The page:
Sterling National Bank believes chatbot automation is smart enough to reduce the need for customer service representatives. Its implementation is now paying off, especially as the U.S. shifts to a post-pandemic workplace.
Filling customer service rep openings became challenging during the COVID-19 pandemic. Child care responsibilities, stimulus payments and other factors may have held potential applicants back from applying for jobs that required them to work in its on-premises customer service center, said Luis Massiani, chief operating officer and president of the bank, which is based in Pearl River, N.Y.
The pandemic prompted the bank to accelerate its chatbot deployment, which began in 2019. Since the project began, Sterling has reduced its 60 to 65 full-time equivalent (FTE) call center employees, based on seasonal flows, to about 35 to 40 FTEs. It also has calculated an efficiency gain of more than 30%.
For Massiani, the results from investing in job automation may be empowering. Increasing use of automation enables the bank to add new customer offerings "at substantially lower operating costs," he said.
"We are going to continue to reduce the amount of calls that are handled by human beings," he said.
Increasing investment in job automation is a trend emerging from the pandemic, although just how much COVID-19 has influenced that trend is hard to quantify. What is clear is with job vacancies at a high, knowledge workers are using newfound power to seek changes to the workplace that benefit them, while others are facing a different struggle altogether -- a battle for survival.
Hourly workers face challenges
With more than nine million job openings in April, workers are quitting at high rates in search of better opportunities. Data from the Bureau of Labor Statistics recorded the quit rate at 2.7% -- the highest so far this century.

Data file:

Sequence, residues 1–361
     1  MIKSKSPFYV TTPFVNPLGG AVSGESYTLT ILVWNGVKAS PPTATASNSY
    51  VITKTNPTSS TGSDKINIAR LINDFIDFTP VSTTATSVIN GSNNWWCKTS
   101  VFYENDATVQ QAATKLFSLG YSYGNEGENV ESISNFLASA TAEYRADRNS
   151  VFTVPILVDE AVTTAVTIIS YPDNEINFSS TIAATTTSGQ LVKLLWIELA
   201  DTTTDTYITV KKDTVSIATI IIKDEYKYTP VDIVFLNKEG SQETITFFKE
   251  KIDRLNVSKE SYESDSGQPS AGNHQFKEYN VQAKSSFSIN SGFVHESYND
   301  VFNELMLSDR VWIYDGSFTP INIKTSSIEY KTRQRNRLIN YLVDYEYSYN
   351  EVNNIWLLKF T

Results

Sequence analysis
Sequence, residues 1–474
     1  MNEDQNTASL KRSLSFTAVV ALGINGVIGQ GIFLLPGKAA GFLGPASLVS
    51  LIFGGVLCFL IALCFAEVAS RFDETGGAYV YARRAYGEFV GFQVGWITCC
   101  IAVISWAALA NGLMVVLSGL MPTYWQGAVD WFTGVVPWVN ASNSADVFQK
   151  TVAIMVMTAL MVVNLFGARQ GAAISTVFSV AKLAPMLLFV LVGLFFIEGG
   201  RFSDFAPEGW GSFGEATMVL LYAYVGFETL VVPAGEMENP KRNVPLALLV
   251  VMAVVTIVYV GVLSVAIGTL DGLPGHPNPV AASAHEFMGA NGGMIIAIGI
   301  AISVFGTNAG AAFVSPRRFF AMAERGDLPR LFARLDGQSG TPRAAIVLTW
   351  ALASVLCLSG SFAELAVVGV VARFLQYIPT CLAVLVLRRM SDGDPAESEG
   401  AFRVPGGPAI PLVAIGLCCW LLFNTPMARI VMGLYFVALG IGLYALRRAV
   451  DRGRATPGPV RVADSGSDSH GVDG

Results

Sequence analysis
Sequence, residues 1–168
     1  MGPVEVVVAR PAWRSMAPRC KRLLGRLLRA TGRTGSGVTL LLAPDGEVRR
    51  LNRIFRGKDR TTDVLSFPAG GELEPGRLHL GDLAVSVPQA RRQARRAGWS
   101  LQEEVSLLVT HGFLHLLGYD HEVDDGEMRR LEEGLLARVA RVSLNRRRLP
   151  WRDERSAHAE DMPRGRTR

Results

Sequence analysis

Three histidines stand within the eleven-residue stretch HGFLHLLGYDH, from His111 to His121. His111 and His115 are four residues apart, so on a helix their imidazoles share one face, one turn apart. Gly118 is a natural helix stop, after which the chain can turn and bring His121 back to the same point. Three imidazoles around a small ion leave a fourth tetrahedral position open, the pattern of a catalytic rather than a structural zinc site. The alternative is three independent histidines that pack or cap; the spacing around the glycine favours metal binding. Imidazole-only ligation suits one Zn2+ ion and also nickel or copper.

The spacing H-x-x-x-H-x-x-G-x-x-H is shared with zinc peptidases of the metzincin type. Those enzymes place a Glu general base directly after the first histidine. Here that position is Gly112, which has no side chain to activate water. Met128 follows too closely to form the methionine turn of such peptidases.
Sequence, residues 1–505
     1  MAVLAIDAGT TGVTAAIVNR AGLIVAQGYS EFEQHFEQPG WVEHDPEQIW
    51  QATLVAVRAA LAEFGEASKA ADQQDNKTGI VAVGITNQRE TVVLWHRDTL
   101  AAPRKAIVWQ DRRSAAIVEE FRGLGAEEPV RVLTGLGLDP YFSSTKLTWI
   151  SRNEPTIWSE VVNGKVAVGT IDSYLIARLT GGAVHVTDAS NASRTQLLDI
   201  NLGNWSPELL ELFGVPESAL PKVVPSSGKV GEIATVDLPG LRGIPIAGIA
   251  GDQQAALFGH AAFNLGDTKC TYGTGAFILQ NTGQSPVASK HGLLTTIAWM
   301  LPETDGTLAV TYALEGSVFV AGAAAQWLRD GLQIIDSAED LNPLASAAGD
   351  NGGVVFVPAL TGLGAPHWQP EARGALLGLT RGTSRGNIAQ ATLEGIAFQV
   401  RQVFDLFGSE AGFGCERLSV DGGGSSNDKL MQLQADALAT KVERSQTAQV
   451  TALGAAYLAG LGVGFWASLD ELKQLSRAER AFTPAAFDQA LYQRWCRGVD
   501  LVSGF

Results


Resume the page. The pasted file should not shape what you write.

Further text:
The industry experiencing the highest percentage of quits per month, at 5.6%, is in the government's "accommodation and food services" category, which covers hotels and restaurants, including fast food, reported the BLS. Some firms may be raising wages as an incentive.
In May, for instance, McDonald's announced a plan to raise wages at corporate-owned restaurants by an average of 10%, with a range of $11 to $17 an hour for a job in the starting crew.
But wage increases like this may be outliers, according to one researcher. Indeed, workers, especially hourly workers, may face the same battles over wage and schedules that they did before the pandemic.
"We've seen a handful of companies announce wage increases, but they remain the distinct minority of firms," said Daniel Schneider, a professor of public policy at Harvard.
Schneider studies issues affecting hourly workers through the Shift Project, which gathers data from workers at large service sector firms in retail, food services, hospitality and other industries to assess working conditions. The "vast majority of service-sector workers experience instability in their weekly work schedules," according to this group. The pandemic, so far, hasn't changed scheduling practices, Schneider said.
"We are still working on this, but it doesn't seem like there's been any real movement toward greater work schedule stability and predictability," Schneider said.
Erratic schedules increase turnover, which is costly not only to firms but to workers, he said. "Rather than moving on to better jobs, we find that workers who leave experience downward wage mobility," he said.
Hourly workers are less likely to be provided benefits and more likely to experience "on-call scheduling," where workers are called in only if needed, keeping hours and pay unpredictable, said Carlos Moreno, the state director of the Working Families Party in Connecticut, which is part of a group that was working to make Connecticut the second state, after Oregon, to adopt a fair workweek law.